Gold sponsors: X-Pole US and Bad Kitty Exotic Wear

Bronze sponsors: Mika Yoga Wear and Tite Grip

Product sponsors: Dew Point, Bendability Fitness, Three Heartz Jewelry, BeSpun

Wednesday, April 11, 2012

Pioneer of Pole: PANTERA!

Pantera is definitey a friend to Twirly Girls.  She was also one of my first pole interviews.  After she kindly answered all my questions, I had a few more.  I tried to break out of the mold a little and start tailoring questions more to the individual.  Also, many interviewees listed Pantera as an inspiration and pioneer of making pole dancing what it is today.  Pantera has indulged me in my second request for an interview and for that, I will be forever grateful.

Catch up on previous Pantera posts here:

Now, here is Pantera, Pioneer of Pole!

You are one of the pioneers of bringing pole dance/fitness to the mainstream. According to your bio, you started as an exotic dancer in 1999. What made you decide to leave the clubs and start your journey of becoming the World's Most Famous Pole Dancer?

Let me say I've never left the clubs.  I perform at events in strip bars all the time.  If there is one thing I am not is ashamed of my past and where it has brought me today.  I firmly believe that knocking the exotic foundations or the people that made this art form so popular is the most ridiculous thing as many respectable pioneers who were or still are strippers.  To quote Jesus, "Let the person among you who is without sin be the first to throw a stone at her."

All that being said when I won the national title there was nothing left for me in that world.  I loved the performance and I wanted to do more of it.  I wouldn't have been able to do it without some of my dearest friends and long time business partners.  As always its the people behind the scenes, the trainers, teachers and family who deserve the credit. I am just the face.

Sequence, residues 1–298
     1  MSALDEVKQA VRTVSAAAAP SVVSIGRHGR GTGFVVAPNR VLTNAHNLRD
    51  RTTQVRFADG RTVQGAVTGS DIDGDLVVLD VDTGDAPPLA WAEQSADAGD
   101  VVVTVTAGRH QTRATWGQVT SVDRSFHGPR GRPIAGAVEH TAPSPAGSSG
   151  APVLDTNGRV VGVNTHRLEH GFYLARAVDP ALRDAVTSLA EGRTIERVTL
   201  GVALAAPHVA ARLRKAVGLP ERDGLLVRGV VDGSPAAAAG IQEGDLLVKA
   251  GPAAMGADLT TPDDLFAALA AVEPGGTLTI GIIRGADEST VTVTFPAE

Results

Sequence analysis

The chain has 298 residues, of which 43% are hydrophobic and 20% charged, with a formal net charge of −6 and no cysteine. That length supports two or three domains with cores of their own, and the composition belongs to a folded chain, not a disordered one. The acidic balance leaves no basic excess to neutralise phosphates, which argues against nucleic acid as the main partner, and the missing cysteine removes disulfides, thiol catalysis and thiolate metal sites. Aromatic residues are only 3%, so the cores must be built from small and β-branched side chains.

Who are other pole pioneers that you admire?

I respect the other pioneers because of their success and contributions. I admire people for different reasons.

You have traveled the world, bringing the joy of pole dance to so many people.  Which country is your favorite and why?

That is too hard to answer. The world is a place full of tradition, heritage, customs and attractions and I have been fortunate to witness and be apart of so much of it.

From Pantera's Facebook fan page:
You have one DVD called Pole Tricks 101, but I heard that a second DVD was going to be released soon.  When will that DVD be released and what will it be called?

There will not be any additional DVDs. I am hoping to do an internet based library of moves, progressions and personal training. Although I love to travel I am getting older and I love being at home more and more. Living out of a suitcase is losing its luster.